A Magazine About Food, Art & Exchange In Midtown Kingston, Published By The Hudson Valley Current.

Solarize Hudson Valley


By Katie Clayton

Starting in late April the Rondout Valley and environs will be going solar as the communities of Marbletown, Rochester, and Olive step up to become hosts for the latest Solarize Hudson Valley campaign.

Solarize Rondout Valley, which recently held a well-attended dinner meet up at the Marbletown Community Center, is launching a full-out effort with a Sunday, April 30 event at the Accord Community Center from 3:30 to 6 pm  where volunteer teams will be set,  residential and commercial installers selected, wood-fired pizza served… and all to the fun music of the local band Tulula. A second event will be held at the Olive Free Library in West Shokan the afternoon of Saturday, May 5.

The Rondout Valley and Olive effort is part of a greater solarize movement that’s establishing a group purchasing and community education strategy to double the use of solar electricity throughout the Northeast . In our region, Solarize Hudson Valley is being funded by the New York State Energy Research and Development Authority (NYSERDA), utilizing state regional economic development money granted to project coordinators Catskill Mountainkeeper and Sustainable Hudson Valley,

The three year Solarize Hudson Valley project has been working with targeted communities to make going solar easier and more affordable for local residents. It comes out of the state’s NY-Sun and Community Solar Initiatives, which Governor Andrew. Cuomo has said will use investments of to $1 billion to make the state our nation’s leading solar power by 2023. Already, New York’s use of solar power has increased by nearly 800 percent over the last five years. His goal is that 50 percent of all electricity in the state will eventually come from the use of solar power.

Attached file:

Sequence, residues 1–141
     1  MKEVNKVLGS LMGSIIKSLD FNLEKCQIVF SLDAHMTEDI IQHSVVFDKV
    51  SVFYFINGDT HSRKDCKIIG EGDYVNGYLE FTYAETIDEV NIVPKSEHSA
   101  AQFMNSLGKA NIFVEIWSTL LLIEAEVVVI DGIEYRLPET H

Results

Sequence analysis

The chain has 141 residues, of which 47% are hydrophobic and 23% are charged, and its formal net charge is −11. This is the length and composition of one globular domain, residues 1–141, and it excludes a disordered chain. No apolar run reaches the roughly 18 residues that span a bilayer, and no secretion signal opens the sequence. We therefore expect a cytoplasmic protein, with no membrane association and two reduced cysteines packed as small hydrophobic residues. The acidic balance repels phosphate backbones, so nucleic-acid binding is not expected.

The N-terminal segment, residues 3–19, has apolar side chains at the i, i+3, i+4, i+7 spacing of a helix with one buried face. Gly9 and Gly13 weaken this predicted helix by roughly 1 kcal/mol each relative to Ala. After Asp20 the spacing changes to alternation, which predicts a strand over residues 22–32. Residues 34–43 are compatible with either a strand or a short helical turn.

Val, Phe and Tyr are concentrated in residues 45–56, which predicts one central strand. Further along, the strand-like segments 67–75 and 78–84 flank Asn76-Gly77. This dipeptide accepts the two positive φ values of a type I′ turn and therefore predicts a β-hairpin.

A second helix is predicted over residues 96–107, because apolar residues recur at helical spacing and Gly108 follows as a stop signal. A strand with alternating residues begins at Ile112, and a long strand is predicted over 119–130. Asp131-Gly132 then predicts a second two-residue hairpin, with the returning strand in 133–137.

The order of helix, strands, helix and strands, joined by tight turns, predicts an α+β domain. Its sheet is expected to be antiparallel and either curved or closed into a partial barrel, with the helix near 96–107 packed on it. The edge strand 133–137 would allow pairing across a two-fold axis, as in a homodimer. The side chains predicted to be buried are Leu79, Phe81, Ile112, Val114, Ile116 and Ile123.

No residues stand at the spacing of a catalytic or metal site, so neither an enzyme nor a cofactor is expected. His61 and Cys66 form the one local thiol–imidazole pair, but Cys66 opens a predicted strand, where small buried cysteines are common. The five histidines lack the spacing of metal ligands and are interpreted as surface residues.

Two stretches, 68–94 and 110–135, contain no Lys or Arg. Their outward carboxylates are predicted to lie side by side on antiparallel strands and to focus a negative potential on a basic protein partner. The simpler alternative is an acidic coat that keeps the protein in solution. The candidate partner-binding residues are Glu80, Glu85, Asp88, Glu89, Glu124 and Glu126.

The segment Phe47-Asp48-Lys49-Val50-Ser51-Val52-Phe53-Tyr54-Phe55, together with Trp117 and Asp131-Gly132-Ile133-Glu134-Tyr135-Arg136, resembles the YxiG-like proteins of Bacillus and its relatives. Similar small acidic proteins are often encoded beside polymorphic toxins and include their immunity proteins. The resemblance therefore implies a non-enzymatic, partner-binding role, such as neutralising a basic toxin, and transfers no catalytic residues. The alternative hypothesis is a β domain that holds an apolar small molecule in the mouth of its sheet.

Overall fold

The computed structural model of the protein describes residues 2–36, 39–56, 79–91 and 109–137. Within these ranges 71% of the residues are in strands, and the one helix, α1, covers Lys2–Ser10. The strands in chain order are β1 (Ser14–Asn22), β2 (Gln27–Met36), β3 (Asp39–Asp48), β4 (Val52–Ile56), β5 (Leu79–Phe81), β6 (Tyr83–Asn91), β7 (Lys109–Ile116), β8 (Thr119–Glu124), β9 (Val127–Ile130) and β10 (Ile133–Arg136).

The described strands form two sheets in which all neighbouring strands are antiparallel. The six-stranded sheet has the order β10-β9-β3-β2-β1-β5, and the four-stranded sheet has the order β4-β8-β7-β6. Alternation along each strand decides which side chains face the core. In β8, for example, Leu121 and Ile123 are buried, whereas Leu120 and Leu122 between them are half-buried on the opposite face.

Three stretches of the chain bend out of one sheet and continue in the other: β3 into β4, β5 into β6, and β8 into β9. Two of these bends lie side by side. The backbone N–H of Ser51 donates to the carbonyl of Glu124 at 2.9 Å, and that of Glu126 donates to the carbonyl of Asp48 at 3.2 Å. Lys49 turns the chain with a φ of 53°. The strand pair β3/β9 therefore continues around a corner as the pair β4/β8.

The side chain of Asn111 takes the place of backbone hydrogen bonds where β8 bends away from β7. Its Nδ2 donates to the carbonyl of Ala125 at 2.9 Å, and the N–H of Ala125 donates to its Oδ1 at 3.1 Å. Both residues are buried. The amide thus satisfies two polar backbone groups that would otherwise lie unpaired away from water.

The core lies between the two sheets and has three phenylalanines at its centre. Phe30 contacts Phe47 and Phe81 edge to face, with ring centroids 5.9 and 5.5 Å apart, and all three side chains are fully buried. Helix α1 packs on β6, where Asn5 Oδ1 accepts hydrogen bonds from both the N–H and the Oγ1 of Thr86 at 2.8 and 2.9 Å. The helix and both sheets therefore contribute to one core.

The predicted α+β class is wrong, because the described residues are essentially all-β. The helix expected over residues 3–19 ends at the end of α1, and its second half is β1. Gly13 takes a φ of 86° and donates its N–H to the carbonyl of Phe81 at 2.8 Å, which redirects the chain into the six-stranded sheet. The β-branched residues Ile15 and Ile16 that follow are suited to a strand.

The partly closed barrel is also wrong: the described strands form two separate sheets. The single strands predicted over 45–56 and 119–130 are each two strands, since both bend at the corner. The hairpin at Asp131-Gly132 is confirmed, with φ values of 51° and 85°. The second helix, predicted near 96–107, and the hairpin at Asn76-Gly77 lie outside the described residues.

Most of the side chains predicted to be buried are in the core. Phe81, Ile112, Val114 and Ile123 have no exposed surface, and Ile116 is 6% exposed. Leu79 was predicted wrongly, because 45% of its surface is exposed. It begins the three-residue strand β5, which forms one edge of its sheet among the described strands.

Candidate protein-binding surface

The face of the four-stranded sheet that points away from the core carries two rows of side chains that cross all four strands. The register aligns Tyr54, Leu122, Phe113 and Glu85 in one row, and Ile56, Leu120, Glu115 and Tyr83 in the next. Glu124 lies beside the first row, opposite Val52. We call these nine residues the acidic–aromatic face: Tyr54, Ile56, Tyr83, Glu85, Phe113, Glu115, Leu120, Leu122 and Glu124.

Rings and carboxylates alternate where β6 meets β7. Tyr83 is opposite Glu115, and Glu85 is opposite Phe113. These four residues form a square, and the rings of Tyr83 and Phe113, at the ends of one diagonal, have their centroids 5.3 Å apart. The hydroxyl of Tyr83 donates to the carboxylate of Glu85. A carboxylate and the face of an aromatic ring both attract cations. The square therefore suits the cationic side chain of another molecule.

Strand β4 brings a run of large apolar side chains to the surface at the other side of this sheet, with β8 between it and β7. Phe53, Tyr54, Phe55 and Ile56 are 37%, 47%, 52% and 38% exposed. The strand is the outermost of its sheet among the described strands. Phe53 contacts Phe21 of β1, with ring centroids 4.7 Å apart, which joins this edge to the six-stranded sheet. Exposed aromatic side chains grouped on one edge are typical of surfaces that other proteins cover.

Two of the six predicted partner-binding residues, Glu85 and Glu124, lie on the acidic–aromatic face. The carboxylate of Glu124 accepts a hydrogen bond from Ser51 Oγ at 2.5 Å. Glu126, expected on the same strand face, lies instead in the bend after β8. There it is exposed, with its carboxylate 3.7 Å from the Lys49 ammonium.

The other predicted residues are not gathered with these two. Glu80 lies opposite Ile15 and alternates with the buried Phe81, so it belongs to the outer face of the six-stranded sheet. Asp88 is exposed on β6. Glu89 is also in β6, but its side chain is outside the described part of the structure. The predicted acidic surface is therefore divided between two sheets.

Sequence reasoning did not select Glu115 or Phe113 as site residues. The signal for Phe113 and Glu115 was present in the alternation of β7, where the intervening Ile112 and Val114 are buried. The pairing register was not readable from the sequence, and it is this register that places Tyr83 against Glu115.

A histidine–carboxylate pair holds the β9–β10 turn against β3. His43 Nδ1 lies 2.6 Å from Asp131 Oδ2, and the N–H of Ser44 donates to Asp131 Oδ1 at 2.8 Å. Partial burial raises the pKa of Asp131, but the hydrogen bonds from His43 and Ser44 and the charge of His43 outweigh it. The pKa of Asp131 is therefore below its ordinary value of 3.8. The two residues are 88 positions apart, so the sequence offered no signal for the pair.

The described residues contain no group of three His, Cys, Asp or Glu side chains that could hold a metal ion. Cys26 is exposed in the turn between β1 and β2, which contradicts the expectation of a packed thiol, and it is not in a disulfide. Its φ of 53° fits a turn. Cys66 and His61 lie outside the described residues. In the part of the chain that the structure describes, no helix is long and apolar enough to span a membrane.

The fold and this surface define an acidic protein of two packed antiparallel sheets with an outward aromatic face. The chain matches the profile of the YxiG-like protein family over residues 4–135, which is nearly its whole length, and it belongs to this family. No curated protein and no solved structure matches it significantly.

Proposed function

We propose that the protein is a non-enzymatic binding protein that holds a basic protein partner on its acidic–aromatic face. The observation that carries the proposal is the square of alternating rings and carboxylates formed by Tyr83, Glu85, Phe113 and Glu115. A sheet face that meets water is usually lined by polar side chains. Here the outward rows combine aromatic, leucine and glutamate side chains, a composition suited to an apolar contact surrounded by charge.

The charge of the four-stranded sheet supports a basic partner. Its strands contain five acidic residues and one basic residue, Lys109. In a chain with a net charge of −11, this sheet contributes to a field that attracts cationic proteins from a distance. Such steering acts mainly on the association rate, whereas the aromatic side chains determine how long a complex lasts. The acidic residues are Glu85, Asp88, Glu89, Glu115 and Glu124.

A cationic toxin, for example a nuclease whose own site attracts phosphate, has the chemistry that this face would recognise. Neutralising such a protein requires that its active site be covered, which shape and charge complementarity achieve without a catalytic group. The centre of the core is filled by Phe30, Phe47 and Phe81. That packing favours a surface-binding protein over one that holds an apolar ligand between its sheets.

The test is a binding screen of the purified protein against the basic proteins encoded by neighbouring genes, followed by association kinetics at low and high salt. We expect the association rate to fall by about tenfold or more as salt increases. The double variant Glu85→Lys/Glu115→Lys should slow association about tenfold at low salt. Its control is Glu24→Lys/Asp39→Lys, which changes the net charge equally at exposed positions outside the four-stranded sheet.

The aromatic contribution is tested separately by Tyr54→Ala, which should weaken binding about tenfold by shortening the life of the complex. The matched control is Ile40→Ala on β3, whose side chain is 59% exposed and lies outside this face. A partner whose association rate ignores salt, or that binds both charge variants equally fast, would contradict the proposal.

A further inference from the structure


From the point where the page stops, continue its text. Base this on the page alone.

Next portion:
The latest focuses on the Rondout Valley and Olive build on successful campaigns thyat have seen the installation of 110 2 to 17 kW sized arrays in Kingston, Rosendale, Saugerties and Woodstock, plus countless others in Dutchess, Orange, Putnam and Rockland counties.

Since 2011, the Mid Hudson Valley has expanded its use of solar from 12.8 megawatts to 162.74 megawatts, from 1,353 installations to over 14,000. Solarize efforts help the process along by educating and training community members, who then serve as ambassadors who can spread public awareness on the benefits of solar even further through community workshops, solar home tours, “live” solar installations, and the sharing of experience.

In the Rondout Valley, excitement was palpable from the 40 plus volunteers and interested community members drawn out for the March 16 event coordinated by the environmental conservation commissions of Marbletown and Rochester and the Conservation Advisory Council of Olive.

“This is the first time these three towns have come together to work with each other on a project of this nature”,  said Solarize Hudson Valley organizer program manager John Wackman, a Kingston resident. “Solarize is all about neighbor to neighbor communication; it depends on community involvement.”

Tom Konrad, Ph.D., chair of the Marbletown Environmental Conservation Commission, noted that the new campaign could also help solve another troubling environmental issue that has been on many local minds for years.

“The installations and utility bill savings will help boost the local economy while helping to replace the retiring Indian Point nuclear plant  with clean, affordable local power,” he pointed out. “Marbletown is excited to bring our residents and businesses this opportunity to simply and affordably transition to green electricity”.

The idea behind it all is simple: The more people get involved, the easier (and cheaper) the entire conversion to solar will become (participating residents receive a 10-20 percent automatic discount on their new systems). Talk a great ball now rolling!

For more information check out the Solarize Hudson Valley Facebook page or visit solarize-hudsonvalley.org.